Skip navigation
Bregnballe
Currently Being Moderated

Problems converting layered rgb files with transparency to cmyk files retaining the layers.

Feb 14, 2013 1:07 AM

10.7.4/Mac Pro/PhotoshopCS6 13.0 - When cmyk converting a multilayered rgb file layers containing transparency doesn't convert to same profile as layers not including transparency, e.g. a product with a shadow - each on separate layers. the product layer is converted to working Color settings but the transparent layer isn't and is converted completely different, both grayscale and UCR/GCR.


Any suggestions?

 

Tom

 
Replies
  • Currently Being Moderated
    Feb 14, 2013 2:33 AM   in reply to Bregnballe

    Sorry. I'm not clear what you're saying. How are you doing the conversion Edit>Convert to profile? Then it will convert to the profile you choose surely.

    Do you mean it looks, different or is tagged differently?

     
    |
    Mark as:
  • Currently Being Moderated
    Feb 14, 2013 3:00 AM   in reply to Bregnballe

    The effects of transparency, blend modes etc. in different Color Modes can be vastly different; expecting a layered image to appear identically in RGB and CMYK is simply not sensible depending on the image content and structure.

     

    Could you please post screenshots to clarify your exact problem?

     
    |
    Mark as:
  • Currently Being Moderated
    Feb 14, 2013 3:21 AM   in reply to Bregnballe

    the transparent layer is converted completely different

    A black-to-transparent gradient Layer is basically solid black with added transparency.

    So however the RGB black is translated into CMYK is what it will then be – plus the effect of the transparency.

     

    The black to white gradient on the other hand will be separated pixel for pixel according to the parameters of the new Color Space.

     
    |
    Mark as:
  • Currently Being Moderated
    Feb 14, 2013 3:35 AM   in reply to Bregnballe

    Not seeing anything dramatic from here... RGB version on top, cmyk on bottom...

    Screen Shot.jpg

     
    |
    Mark as:
  • Currently Being Moderated
    Feb 14, 2013 4:48 AM   in reply to Bregnballe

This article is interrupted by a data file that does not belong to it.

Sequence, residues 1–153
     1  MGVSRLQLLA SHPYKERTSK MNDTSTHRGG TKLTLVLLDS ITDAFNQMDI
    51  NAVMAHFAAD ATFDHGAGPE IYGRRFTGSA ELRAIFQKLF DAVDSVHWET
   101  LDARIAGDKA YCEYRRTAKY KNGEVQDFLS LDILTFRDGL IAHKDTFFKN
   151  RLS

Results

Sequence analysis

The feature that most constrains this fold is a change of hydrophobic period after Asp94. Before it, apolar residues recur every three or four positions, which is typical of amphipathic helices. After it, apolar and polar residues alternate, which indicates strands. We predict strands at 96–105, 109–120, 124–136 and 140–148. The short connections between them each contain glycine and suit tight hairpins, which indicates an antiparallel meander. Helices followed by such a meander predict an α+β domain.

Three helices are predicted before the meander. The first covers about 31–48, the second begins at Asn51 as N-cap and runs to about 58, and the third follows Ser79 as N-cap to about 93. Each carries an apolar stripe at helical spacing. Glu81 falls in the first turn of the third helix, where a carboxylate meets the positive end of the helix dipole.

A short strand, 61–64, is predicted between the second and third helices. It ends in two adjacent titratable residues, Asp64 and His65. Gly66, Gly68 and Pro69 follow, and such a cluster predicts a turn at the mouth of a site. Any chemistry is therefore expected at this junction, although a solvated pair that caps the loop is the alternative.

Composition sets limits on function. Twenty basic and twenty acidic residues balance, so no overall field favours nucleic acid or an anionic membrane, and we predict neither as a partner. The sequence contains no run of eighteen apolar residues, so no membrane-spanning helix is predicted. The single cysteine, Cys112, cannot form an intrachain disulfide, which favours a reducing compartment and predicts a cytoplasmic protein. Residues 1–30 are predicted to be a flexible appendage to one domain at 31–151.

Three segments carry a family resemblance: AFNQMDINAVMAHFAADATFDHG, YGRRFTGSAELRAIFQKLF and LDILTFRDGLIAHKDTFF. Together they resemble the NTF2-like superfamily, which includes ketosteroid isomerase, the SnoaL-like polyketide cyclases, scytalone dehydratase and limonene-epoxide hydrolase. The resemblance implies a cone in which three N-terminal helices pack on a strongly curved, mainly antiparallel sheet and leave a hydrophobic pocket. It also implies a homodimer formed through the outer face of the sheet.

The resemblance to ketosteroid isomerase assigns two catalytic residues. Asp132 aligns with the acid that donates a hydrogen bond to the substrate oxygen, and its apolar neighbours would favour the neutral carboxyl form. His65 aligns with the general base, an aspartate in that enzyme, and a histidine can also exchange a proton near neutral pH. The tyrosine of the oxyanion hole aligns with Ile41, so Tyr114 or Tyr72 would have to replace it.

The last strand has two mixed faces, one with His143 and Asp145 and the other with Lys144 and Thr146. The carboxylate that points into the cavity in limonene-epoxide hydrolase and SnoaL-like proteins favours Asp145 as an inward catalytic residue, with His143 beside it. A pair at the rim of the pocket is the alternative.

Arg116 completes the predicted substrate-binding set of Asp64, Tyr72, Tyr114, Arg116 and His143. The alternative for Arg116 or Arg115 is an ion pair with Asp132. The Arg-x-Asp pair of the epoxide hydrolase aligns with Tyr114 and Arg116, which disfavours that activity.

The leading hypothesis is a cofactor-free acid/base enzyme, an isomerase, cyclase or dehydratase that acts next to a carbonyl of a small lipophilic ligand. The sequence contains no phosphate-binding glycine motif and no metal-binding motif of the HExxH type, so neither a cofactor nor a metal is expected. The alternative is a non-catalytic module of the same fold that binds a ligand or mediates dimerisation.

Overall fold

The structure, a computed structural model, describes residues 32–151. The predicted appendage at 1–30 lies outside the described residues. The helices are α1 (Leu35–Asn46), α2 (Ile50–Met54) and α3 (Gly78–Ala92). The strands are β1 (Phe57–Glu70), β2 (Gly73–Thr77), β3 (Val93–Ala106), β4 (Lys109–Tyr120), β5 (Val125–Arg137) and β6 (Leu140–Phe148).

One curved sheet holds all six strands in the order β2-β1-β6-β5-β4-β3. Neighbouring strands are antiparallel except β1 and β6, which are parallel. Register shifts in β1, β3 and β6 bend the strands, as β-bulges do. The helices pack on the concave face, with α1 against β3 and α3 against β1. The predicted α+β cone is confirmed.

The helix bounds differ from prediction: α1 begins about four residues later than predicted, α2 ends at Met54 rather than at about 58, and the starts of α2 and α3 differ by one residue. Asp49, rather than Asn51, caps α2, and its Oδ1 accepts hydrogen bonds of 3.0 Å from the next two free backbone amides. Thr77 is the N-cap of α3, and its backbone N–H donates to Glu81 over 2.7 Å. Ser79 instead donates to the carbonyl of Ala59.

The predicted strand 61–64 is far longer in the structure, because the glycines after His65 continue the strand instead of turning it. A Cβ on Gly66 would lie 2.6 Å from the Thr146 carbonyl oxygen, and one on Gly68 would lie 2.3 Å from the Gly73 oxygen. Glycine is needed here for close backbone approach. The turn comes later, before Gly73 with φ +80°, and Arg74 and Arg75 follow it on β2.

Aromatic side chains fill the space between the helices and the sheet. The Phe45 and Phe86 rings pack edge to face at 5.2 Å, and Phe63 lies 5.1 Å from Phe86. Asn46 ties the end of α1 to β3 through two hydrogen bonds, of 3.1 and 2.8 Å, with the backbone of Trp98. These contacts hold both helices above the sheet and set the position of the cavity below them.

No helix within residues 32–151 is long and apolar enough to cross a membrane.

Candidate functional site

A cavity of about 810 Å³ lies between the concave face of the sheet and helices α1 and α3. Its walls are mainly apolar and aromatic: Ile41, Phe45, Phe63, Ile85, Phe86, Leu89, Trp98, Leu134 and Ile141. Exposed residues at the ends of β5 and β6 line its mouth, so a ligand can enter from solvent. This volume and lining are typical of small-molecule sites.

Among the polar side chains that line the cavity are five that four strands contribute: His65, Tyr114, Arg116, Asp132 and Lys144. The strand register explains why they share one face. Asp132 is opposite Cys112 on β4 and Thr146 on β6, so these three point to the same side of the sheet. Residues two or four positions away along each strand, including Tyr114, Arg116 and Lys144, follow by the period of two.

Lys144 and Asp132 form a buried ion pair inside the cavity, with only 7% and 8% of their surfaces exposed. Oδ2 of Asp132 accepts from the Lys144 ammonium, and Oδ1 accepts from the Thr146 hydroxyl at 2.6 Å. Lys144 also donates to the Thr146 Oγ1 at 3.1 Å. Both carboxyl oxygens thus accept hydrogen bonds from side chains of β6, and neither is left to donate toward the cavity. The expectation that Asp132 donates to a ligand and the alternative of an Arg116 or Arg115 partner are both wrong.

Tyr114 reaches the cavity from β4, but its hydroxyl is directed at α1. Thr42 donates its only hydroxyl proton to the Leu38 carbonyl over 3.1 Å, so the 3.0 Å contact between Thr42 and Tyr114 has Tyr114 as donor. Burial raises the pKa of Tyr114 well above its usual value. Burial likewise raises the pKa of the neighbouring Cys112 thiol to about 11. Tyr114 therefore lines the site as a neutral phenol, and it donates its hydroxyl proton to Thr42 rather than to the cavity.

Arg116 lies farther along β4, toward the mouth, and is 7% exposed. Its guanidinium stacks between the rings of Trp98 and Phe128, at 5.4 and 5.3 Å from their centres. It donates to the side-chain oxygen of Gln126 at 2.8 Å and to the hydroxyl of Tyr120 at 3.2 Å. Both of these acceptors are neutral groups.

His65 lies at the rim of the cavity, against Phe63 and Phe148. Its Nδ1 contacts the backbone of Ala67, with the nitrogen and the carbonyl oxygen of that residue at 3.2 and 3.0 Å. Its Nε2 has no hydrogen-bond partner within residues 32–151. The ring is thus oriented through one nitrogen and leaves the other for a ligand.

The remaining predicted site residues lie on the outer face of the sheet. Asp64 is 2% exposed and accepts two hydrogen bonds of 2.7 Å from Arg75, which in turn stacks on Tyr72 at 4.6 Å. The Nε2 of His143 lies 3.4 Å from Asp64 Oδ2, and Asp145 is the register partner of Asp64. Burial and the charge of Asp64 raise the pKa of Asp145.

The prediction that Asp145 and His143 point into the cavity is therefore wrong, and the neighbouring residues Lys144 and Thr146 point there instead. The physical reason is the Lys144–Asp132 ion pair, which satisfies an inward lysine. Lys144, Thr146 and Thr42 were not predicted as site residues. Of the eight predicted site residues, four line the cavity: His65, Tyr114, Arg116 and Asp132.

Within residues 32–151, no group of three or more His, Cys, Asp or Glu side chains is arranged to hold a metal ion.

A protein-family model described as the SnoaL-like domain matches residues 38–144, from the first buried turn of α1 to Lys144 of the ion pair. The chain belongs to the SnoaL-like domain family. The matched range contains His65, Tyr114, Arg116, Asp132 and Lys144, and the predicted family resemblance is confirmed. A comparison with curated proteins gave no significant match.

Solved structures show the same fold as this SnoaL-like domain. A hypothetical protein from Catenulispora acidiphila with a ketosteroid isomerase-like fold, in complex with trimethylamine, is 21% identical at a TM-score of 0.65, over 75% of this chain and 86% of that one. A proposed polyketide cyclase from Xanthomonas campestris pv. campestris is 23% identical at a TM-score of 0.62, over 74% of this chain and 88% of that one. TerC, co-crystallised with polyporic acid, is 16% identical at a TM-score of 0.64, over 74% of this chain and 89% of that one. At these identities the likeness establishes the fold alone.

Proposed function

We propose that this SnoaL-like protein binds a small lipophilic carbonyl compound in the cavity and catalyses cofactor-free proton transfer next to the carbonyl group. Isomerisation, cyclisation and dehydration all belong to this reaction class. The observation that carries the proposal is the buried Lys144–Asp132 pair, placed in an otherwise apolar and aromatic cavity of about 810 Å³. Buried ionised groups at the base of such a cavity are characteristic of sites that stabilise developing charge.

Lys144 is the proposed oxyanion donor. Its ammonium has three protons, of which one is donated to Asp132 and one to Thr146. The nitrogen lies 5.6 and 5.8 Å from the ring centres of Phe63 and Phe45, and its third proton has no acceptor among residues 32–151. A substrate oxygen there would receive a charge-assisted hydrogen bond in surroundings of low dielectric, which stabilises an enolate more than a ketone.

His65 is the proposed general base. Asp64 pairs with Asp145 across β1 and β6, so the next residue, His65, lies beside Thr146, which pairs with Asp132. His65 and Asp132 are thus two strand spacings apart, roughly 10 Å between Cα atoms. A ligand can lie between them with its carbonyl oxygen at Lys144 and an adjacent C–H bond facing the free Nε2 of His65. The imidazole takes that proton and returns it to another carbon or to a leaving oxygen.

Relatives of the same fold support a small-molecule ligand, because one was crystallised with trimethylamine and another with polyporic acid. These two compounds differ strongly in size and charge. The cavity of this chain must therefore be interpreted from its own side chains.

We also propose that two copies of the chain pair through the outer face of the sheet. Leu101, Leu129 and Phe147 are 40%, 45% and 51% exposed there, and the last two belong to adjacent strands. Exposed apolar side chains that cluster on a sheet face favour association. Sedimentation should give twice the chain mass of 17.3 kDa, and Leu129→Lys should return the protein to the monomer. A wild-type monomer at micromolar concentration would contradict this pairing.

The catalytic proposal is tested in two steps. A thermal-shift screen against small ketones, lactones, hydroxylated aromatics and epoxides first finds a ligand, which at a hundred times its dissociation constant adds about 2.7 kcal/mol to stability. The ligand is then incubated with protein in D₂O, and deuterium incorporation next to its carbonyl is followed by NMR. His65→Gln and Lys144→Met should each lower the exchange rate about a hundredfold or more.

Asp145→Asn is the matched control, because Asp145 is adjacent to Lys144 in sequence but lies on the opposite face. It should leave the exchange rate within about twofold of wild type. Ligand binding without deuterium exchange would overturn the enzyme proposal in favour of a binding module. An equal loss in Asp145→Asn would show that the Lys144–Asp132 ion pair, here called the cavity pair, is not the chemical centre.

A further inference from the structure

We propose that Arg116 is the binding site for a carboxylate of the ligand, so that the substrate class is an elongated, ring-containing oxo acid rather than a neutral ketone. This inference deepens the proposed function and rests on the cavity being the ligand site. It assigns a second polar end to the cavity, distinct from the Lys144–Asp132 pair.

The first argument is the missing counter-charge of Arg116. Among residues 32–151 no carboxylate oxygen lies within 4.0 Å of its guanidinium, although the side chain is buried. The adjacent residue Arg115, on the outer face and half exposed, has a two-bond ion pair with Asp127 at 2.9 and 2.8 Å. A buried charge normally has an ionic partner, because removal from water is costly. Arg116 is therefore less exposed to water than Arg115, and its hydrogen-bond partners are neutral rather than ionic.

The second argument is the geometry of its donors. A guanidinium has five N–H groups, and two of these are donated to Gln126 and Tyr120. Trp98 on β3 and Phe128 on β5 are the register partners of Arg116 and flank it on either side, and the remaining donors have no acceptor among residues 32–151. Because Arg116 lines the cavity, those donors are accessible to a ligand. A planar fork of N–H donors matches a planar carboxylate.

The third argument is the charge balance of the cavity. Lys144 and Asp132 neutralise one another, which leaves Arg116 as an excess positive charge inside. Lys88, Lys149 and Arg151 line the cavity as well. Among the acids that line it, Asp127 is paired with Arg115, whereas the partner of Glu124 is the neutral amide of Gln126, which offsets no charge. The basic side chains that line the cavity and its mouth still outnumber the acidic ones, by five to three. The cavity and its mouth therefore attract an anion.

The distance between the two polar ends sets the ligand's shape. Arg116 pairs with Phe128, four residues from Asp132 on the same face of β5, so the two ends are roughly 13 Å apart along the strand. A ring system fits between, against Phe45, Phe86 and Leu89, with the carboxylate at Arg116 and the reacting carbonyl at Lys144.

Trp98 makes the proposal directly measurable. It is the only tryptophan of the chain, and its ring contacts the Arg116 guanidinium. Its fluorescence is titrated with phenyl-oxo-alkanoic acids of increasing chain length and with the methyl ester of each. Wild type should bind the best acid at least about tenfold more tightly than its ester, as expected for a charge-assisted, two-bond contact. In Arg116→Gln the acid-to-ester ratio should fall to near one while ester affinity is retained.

You seem to be misunderstanding the importance of Color Modes for the result of transparencies.

     

    In the CMYK Space I use black trasnslates to 87/78/64/92.

    Half of that (as for example 50% transparency on a white background) is roughly 44/39/33/46.

    A 128/128/128 gray (in eciRGB v2) on the other hand would translate to 49/40/38/26.

    Edit: The CMYK space I used is ISO Coated v2 (ECI) (FOGRA39) by the way. 

     

    Also: FOGRA27 is obselete.

     
    |
    Mark as:
  • Currently Being Moderated
    Feb 14, 2013 5:10 AM   in reply to Bregnballe

    If »black« is translated to A% cyan, B% magenta, C% yellow and D% black the result of plain transparency in the CMYK file (on white) is an according fraction of the four values.

    The gray balance does not even enter into this.

     

    You should give up the misconception that layered RGB files should maintain their appearance when converted to CMYK (except in special cases).

     
    |
    Mark as:
  • Currently Being Moderated
    Feb 14, 2013 5:10 AM   in reply to Bregnballe

    Yep, my lower 'Gradient fill 1' layer is black to transparent. Are you using a default black for the gradient (Command D)?

    Working in CS6, my original file was created sRGB and converted to Fogra39 via Edit>Convert to profile. Using these parameters I cannot reproduce the shift you're seeing.

     
    |
    Mark as:
  • Currently Being Moderated
    Feb 24, 2013 8:32 AM   in reply to Bregnballe